"During the past few years we have secured more than $100m in government investment in Rotorua, including for a variety of key place-shaping projects and roading.
"This ongoing investment shows confidence in our district and highlights the value of not only having a cohesive vision and direction that we have stuck to but also of our concerted efforts to have genuine relationships and partnerships with central government and key stakeholders like iwi.
"These are key to confidence in our district and what we are trying to achieve."
Waiariki MP Tāmati Coffey said the investment would relieve "burdensome traffic congestion, provide better biking and walking options, create 300 jobs and safer roads for our families, while unlocking much-needed housing for our people out east".
"I'm proud this Government is investing in Rotorua by funding the necessary adjustments along Te Ngae Rd and opening up the potential for housing on Rotorua's Eastside.
"I hope Rotorua locals appreciate the importance of the partnership between Te Arawa, the council and Government, to get things moving for Rotorua.
"Together, we are capable of amazing things, and I am committed to this partnership's future."
Under Secretary for Regional Economic Development Fletcher Tabuteau said now more than ever, it was important to invest in the regions.
"I'm proud to be part of a coalition Government that is supporting economic recovery and creating jobs through the Provincial Growth Fund.
"[Yesterday's] $55m for the Bay of Plenty from the $3b infrastructure fund to unlocking urban land development (Wharenui Rd and SH30) (Rotorua Lakes District Council and NZTA) project is a result of hard work and advocacy for Rotorua."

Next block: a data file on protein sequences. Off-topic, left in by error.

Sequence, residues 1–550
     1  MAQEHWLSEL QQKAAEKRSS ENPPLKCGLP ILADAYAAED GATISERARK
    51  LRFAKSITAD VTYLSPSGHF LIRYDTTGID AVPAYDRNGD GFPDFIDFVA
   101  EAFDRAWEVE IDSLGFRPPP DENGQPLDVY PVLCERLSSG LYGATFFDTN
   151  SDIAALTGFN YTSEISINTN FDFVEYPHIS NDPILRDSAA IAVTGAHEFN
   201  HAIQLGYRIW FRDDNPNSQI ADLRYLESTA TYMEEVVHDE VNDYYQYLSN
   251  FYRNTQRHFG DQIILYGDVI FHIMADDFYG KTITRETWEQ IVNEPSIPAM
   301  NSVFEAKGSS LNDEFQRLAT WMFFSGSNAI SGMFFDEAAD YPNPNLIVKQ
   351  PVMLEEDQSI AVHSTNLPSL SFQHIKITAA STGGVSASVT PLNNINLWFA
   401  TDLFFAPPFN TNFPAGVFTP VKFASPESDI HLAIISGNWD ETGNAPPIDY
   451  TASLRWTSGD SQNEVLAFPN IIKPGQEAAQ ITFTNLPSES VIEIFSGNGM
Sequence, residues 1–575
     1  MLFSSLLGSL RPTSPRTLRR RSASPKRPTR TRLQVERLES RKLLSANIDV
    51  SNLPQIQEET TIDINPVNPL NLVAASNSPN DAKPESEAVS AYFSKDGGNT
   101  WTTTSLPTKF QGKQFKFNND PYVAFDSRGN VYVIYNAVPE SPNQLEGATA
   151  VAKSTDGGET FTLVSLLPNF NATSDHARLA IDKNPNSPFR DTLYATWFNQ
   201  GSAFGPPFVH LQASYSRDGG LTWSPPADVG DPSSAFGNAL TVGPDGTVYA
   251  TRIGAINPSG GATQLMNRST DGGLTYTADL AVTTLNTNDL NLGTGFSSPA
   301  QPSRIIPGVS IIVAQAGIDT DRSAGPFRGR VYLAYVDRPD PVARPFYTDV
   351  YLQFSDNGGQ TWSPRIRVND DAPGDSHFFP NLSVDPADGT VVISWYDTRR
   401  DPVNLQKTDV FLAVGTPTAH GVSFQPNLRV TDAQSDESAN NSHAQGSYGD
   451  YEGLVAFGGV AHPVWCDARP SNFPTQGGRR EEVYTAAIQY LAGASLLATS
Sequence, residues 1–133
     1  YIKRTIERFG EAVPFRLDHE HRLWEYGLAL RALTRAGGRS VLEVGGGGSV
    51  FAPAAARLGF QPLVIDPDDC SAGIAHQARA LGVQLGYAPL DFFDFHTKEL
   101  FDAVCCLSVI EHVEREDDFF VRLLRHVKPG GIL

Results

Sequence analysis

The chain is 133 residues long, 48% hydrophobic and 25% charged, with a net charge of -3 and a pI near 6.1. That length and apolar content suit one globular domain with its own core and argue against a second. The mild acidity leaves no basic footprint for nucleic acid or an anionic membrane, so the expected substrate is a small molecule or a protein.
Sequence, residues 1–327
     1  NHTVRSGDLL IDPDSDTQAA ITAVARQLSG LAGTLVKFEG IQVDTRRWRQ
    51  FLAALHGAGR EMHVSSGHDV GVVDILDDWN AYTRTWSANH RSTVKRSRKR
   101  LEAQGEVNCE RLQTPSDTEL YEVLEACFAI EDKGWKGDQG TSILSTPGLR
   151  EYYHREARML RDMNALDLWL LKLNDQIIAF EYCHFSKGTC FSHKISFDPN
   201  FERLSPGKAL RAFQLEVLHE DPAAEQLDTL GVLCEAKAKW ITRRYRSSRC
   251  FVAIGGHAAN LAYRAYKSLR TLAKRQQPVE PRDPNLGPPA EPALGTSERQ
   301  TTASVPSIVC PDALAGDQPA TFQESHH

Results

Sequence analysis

Other Rotorua shovel-ready projects put forward for funding
Rotorua wastewater treatment plant upgrade
Currently part of the council's 2018-2028 Long Term Plan. The application to CIP relates to treatment plant upgrade only, not discharge.
Total estimated cost $60m-$65m. Minimum 50 jobs created over a two-year period.
Comprehensive hangar park and industrial/business park
The hangar park can be used for a variety of aviation purposes as well as light industry type activities, such as storage. Seeking $8.6m (50 per cent of the total cost). Estimated 200-300 jobs.
The industrial/business park will help the airport to leverage value from its unused land and diversify its revenue. Seeking $13.35m (50 per cent of the total cost) to enable currently halted project to continue. Estimated 150-200 jobs.
This project would see Rotoehu communities connected to the new East Rotoiti/Rotoma network. Estimated total cost $10m - currently has no confirmed funding. Estimated 15 jobs per year for about two years.
Rotorua Aquatic Centre
Aquatic Centre improvements were included in the council's 2018-28 Long-term Plan, with $7.5m committed to improve the 50m outdoor pool and for key refurbishments required to support proposed further developments.
Additional funding was to be sought externally for further proposed developments at a total estimated cost of $15.43m. Estimated 80 jobs.
Whakarewarewa forest and trail development
This proposed project would be an extension of the $14.5m Whakarewarewa Forest redevelopments. The proposed project has a total estimated cost of $13.9m and includes construction of commercial buildings at Forest Hub 2 near Tikitapu (Blue Lake).
Estimated 85-100 jobs for a minimum of 12 months with the potential for about 40 or more once occupied.
An extension of the currently proposed $40m lakefront redevelopment.
Extra funding - $17.2m - has been sought for construction of commercial buildings, high-quality jetties and development of Ohinemutu Village. Estimated 28 jobs, with potential for more once completed (estimated at 54 jobs).
A joint submission with Te Puni Kokiri, this project will accelerate the Kaingaroa Village community development plan by providing capital funding to construct and install infrastructure and facilities.
$4.9m was sought for the $14m project. Estimated 100 jobs during construction, 20 ongoing and potential for more for small businesses.